April showers bring welcomed bunches of smiling flowers in the spring. But another type of “shower” may not have women smiling, and that is the “shower” that comes from urinary incontinence. According to the National Institute of Diabetes and Digestive and Kidney Diseases, more than 13 million men and women in the United States have urinary incontinence.
Urinary incontinence is any undesired leakage of urine. According to the American Physical Therapy Association (APTA), “People with urinary incontinence may have trouble starting the urine stream or holding urine.” Urinary incontinence involves the muscles of the pelvic floor. These muscles attach to the bottom of the pelvic bones and run front to back, forming a hammock structure that lifts to support the internal organs and controls the sphincter muscles. The pelvic-floor muscles also help support the low back, stabilize the pelvic bones, and help with sexual function. Women may be more likely than men to have urinary incontinence; however, the condition in men may be underreported.
There are different types of urinary incontinence, including:
- Stress incontinence.This occurs when there is increased intra-abdominal pressure and when weak pelvic-floor muscles that surround the urethra do not have the control to maintain continence. Those with stress incontinence leak urine during a physical activity, such as playing a sport, or simply laughing or sneezing. Common causes are pregnancy and childbirth, episiotomy, injury or trauma such as a pelvic fracture, inflammation, surgery, and lack of exercise.
- Urge incontinence. People with urge incontinence can experience a sudden, strong need to pass urine, and leak before reaching the bathroom. Pelvic-floor muscle weakness or tightness may cause the urethra to stay open when it should be closed; anxiety may also contribute to this type of incontinence, along with associating a certain time of day or activity with urination, even if the bladder is not full. Foods, such as caffeine and sugar, acidic foods, and smoking can irritate the pelvic floor, causing inflammation and that can make the bladder lining contract more, contributing to urge incontinence.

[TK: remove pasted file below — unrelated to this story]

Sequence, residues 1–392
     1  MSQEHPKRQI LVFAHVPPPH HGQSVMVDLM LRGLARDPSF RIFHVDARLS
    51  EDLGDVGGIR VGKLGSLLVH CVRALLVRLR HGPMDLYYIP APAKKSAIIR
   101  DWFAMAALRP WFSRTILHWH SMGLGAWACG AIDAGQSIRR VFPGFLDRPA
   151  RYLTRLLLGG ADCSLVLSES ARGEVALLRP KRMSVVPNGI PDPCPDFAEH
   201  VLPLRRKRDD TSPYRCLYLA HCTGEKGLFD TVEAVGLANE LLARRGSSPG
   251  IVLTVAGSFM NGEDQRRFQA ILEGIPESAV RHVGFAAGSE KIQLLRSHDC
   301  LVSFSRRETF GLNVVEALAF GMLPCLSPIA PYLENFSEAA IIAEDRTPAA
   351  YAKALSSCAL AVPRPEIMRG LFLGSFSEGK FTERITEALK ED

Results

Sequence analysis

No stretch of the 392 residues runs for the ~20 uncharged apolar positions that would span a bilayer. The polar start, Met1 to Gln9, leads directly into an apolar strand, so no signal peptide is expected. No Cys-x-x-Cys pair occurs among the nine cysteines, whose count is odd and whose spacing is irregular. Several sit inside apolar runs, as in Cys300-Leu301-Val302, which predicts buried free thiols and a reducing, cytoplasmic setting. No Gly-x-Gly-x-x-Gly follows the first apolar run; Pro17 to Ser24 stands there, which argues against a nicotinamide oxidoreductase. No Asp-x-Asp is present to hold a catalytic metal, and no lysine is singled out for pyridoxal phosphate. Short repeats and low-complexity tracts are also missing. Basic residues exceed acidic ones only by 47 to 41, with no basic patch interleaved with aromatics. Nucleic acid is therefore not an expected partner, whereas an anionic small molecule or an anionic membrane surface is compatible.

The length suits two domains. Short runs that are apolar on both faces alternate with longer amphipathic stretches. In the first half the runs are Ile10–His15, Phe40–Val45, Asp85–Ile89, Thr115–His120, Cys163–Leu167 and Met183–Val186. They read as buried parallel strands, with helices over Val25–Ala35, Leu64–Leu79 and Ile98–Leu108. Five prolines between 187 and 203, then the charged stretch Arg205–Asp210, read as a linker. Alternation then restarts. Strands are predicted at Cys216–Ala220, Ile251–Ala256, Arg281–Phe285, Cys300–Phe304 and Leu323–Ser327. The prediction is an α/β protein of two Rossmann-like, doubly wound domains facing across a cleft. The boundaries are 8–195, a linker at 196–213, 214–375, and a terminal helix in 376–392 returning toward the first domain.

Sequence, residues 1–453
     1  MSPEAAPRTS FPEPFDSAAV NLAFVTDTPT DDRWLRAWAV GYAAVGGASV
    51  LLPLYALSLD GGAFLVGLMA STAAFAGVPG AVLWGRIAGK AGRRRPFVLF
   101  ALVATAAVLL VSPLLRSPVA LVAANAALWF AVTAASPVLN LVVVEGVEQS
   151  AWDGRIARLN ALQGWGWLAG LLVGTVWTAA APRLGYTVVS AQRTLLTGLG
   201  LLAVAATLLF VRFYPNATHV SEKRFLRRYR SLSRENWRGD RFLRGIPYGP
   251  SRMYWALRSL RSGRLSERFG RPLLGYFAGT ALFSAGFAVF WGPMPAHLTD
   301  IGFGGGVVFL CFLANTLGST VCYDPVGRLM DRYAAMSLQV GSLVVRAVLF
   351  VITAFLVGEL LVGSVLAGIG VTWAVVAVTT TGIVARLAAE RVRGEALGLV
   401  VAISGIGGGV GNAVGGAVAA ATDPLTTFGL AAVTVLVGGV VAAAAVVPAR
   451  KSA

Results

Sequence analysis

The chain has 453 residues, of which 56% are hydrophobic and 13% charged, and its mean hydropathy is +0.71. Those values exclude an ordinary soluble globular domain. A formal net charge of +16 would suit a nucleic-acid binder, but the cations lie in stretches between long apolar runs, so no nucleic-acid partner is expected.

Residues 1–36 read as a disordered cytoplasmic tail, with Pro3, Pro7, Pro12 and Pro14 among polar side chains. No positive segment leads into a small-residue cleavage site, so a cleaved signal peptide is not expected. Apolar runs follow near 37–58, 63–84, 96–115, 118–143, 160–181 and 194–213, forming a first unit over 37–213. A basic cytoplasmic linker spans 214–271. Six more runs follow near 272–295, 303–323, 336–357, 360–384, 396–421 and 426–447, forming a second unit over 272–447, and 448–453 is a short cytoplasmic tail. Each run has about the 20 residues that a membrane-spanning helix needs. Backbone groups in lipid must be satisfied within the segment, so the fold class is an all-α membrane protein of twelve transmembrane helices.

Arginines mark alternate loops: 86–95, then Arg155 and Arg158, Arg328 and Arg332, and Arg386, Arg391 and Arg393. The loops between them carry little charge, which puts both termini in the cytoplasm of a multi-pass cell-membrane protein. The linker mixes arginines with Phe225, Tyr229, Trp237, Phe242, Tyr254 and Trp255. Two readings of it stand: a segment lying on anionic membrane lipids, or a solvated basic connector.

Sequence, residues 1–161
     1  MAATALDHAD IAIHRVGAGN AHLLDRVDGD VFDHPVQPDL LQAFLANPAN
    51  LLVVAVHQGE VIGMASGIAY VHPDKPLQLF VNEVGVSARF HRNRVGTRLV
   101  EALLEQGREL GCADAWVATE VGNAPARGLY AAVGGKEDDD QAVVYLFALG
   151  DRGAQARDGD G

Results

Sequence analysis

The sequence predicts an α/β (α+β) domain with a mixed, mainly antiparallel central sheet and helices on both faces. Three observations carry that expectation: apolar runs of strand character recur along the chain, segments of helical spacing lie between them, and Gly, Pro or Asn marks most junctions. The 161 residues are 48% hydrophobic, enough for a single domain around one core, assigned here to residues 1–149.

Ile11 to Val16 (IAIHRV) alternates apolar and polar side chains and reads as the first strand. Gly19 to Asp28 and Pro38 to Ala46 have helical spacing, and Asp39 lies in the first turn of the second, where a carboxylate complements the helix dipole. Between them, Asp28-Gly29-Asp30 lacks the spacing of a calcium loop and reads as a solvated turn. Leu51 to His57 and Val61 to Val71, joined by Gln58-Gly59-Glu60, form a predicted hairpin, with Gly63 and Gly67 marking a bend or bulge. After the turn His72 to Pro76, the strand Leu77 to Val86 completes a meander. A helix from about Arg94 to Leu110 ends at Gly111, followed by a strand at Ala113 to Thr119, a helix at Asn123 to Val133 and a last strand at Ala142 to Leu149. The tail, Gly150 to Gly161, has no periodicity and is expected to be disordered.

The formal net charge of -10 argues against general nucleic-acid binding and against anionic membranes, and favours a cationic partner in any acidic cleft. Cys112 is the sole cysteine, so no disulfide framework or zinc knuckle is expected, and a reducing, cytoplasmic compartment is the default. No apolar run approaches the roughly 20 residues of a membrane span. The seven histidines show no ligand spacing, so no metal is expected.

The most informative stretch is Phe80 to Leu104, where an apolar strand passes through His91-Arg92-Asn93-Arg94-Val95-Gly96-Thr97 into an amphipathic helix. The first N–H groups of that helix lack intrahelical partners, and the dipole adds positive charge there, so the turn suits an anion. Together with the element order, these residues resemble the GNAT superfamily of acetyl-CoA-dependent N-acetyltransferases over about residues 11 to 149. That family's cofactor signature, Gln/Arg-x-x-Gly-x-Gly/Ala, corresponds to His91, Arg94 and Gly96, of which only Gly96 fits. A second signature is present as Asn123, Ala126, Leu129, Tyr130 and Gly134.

- Mixed incontinence. Some people experience both stress and urge incontinence.
- Functional incontinence. Even without an intense urge to urinate, people with functional incontinence may leak urine on the way to the bathroom, typically due to other conditions such as low back pain, or hip pain, confusion, dementia, delirium, depression, slow gait, or due to obstacles that block entrance to the bathroom.
- Urinary frequency. Some people feel the need to empty the bladder frequently throughout the day and more than once during the night. Sensitivities to certain foods or beverages may cause this.
Urinary incontinence can be diagnosed by a primary care provider, specialist, or physical therapist. The examination for this condition should include asking the patient to describe their symptoms and daily experiences. They may assess the muscles of the pelvis, hip, and low back, as well as the coordination, strength, and flexibility of the muscles of the pelvic floor. Additional tests may also be required, such as urodynamic testing, diagnostic ultrasound, or magnetic resonance imaging (MRI) to show any pelvic-floor muscle problems, to ensure an accurate diagnosis.
Based on the evaluation results, a health care provider will create an individualized treatment program that could include improving the pelvic-floor muscle function to help gain control over symptoms and reduce the need for pads and special undergarments, incontinence medications, and possibly surgery.
Treatments to improve pelvic-floor muscle control may include:
- Kegel exercises.The Kegel exercise is performed by squeezing the sphincter muscles or imagining that you are trying to stop the flow of urine.
- Depending on the symptoms and level of comfort, a physical therapist may gently employ electrodes to measure pelvic-floor muscle activity. The biofeedback obtained can help make the patient more aware of the correct way to use the pelvic-floor muscles.
- Muscle strengthening exercises.A physical therapist can teach specific exercises to stretch and strengthen other important muscles that help support proper bladder function, such as deep abdominal muscles like the transverse abdominis. These typically need to be performed daily and correctly to be effective.A physical therapist can teach these exercises and there are plenty of YouTube videos that can reinforce proper technique.
- Electrical stimulation.A physical therapist may apply gentle electrical stimulation to help improve awareness of muscle function.
Other Tips to Help Urinary Incontinence:
- Avoid food and drinks that may irritate the bladder (like caffeine)
- Learn the correct technique for muscle strengthening or stretching (see a physical therapist)
- Maintain a healthy bathroom schedule
- Maintain bowel regularity
- Drink healthy fluids regularly to maintain hydration
- Maintain a regular exercise regimen or active lifestyle
If urinary incontinence prevents you or someone you know from participating in “life,” please see a health care provider to learn more about returning to a “clear skies” weather forecast for this spring!
Resources: apta.org; moveforwardpt.com